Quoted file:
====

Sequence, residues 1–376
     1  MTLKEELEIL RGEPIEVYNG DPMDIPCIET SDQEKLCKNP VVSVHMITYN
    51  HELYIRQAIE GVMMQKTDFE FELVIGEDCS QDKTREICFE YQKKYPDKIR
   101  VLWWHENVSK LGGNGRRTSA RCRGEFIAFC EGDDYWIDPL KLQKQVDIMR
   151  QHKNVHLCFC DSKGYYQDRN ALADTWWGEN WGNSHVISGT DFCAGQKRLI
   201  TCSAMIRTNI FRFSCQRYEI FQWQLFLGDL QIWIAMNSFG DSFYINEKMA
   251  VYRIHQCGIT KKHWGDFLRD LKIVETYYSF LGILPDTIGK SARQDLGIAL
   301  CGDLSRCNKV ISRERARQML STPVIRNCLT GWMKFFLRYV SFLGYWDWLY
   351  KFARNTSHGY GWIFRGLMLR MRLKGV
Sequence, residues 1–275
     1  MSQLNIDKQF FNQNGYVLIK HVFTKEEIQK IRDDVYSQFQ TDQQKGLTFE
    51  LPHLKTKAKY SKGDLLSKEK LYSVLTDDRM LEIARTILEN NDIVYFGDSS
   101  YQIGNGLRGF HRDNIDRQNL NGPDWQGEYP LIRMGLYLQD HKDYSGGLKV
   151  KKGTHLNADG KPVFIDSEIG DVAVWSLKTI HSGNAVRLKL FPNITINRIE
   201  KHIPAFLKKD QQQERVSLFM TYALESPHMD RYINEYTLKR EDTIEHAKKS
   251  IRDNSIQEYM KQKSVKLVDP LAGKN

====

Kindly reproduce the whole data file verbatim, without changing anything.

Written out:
Sequence, residues 1–376
     1  MTLKEELEIL RGEPIEVYNG DPMDIPCIET SDQEKLCKNP VVSVHMITYN
    51  HELYIRQAIE GVMMQKTDFE FELVIGEDCS QDKTREICFE YQKKYPDKIR
   101  VLWWHENVSK LGGNGRRTSA RCRGEFIAFC EGDDYWIDPL KLQKQVDIMR
   151  QHKNVHLCFC DSKGYYQDRN ALADTWWGEN WGNSHVISGT DFCAGQKRLI
   201  TCSAMIRTNI FRFSCQRYEI FQWQLFLGDL QIWIAMNSFG DSFYINEKMA
   251  VYRIHQCGIT KKHWGDFLRD LKIVETYYSF LGILPDTIGK SARQDLGIAL
   301  CGDLSRCNKV ISRERARQML STPVIRNCLT GWMKFFLRYV SFLGYWDWLY
   351  KFARNTSHGY GWIFRGLMLR MRLKGV
Sequence, residues 1–275
     1  MSQLNIDKQF FNQNGYVLIK HVFTKEEIQK IRDDVYSQFQ TDQQKGLTFE
    51  LPHLKTKAKY SKGDLLSKEK LYSVLTDDRM LEIARTILEN NDIVYFGDSS
   101  YQIGNGLRGF HRDNIDRQNL NGPDWQGEYP LIRMGLYLQD HKDYSGGLKV
   151  KKGTHLNADG KPVFIDSEIG DVAVWSLKTI HSGNAVRLKL FPNITINRIE
   201  KHIPAFLKKD QQQERVSLFM TYALESPHMD RYINEYTLKR EDTIEHAKKS
   251  IRDNSIQEYM KQKSVKLVDP LAGKN